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Saturday, June 10, 2000

Eminem hit #1 with The Marshall Mathers LP: June 10, 2000

Originally posted June 10, 2012.

image from plixid.com


Release date: May 23, 2000
Tracks: (Click for codes to singles charts.) Public Service Announcement 2000 / Kill You / Stan (10/7/00, #48a US, #1 UK, #31 RB) / Paul / Who Knew / Steve Berman / The Way I Am (8/5/00, #52a US, #8 UK, #22a RB) / The Real Slim Shady (5/6/00, #2a US, #1 UK, #10a RB, #19 MR) / Remember Me? / I’m Back / Marshall Mathers / Ken Kaniff / Drug Ballad (3/17/01, #65a RB) / Amityville / Bitch Please II (7/8/00, #51a RB) / Kim / Under the Influence / Criminal

Sales (in millions): 10.07 US, 2.23 UK, 6.0 Europe, 23.35 world

Peak: 18 US, 12 UK

Rating:


Review: “It’s hard to know what to make of Eminem.” AMG “His debut, The Slim Shady LP, established [him] as a major force in both hip-hop and broader contemporary culture, but there was still doubt as to whether he would be the latest in a string of short-lived white rap novelties.” TL “Even if you know that half of what he says is sincere and half is a put-on; the trick is realizing that there’s truth in the joke, and vice versa. Many dismissed his considerable skills as a rapper and social satirist because the vulgarity and gross-out humor on The Slim Shady LP were too detailed for some to believe that it was anything but real.” AMG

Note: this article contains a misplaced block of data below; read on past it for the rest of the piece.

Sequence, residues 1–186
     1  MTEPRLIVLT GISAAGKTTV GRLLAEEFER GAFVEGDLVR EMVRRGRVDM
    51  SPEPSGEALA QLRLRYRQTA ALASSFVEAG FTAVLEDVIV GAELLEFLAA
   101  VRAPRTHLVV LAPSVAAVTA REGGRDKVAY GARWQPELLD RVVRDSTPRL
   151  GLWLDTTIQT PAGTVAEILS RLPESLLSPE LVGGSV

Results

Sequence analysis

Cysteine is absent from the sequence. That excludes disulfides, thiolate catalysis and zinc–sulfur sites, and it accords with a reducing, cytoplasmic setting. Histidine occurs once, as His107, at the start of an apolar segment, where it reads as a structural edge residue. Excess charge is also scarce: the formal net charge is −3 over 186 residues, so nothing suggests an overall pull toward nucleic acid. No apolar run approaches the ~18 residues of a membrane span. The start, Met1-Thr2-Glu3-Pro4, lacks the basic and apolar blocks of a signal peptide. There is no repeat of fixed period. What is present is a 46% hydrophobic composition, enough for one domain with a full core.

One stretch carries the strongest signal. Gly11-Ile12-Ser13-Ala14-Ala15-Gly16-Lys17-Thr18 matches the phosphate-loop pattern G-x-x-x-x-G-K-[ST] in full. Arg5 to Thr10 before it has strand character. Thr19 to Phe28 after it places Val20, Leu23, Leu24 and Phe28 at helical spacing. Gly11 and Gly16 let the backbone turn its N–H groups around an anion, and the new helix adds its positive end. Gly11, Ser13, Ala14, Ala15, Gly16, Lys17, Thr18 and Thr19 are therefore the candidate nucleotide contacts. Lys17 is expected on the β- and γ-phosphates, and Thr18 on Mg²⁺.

“To Eminem’s credit, he decided to exploit that confusion on his masterful second record, The Marshall Mathers LP.” AMG “Rap’s superlative wordsmith blurs the line between autobiography and cartoons in hilarious and vulgar high-velocity rhymes.” UT It is “a fairly brilliant expansion of his debut, turning his spare, menacing hip-hop into a hyper-surreal, wittily disturbing thrill ride. It’s both funnier and darker than his debut, and Eminem’s writing is so sharp and clever that the jokes cut as deeply as the explorations of his ruptured psyche.” AMG “He lashed out at the hypocrisy of American society, exposed the prejudices that fuelled rap music, and held his constituency’s psychosis up to the light.” VUThe Marshall Mathers LP raised the stakes, raised his profile, and damn near raised the dead.” TL

The Way I Am

“Eminem delivered dizzying, blistering rhymes that laid bare his neuroses, his fury, and his confusion. He jumped from laugh-out-loud funny to chillingly menacing from one line to the next, and went after his critics (The Way I Am) and his fans (Stan, the mesmerizing high-wire act in a stalker’s voice) with equal fever.” TL

Stan

“The production is nearly as evocative as the raps, with liquid basslines, stuttering rhythms, slight sound effects, and spacious soundscapes. There may not be overpowering hooks on every track, but the album works as a whole, always drawing the listener in. But, once you’re in, Eminem doesn’t care if you understand exactly where he’s at, and he doesn’t offer any apologies if you can’t sort the fact from the fiction. As an artist, he’s supposed to create his own world, and with this terrific second effort, he certainly has. It may be a world that is as infuriating as it is intriguing, but it is without question his own, which is far more than most of his peers are able to accomplish at the dawn of a new millennium.” AMG

The Real Slim Shady


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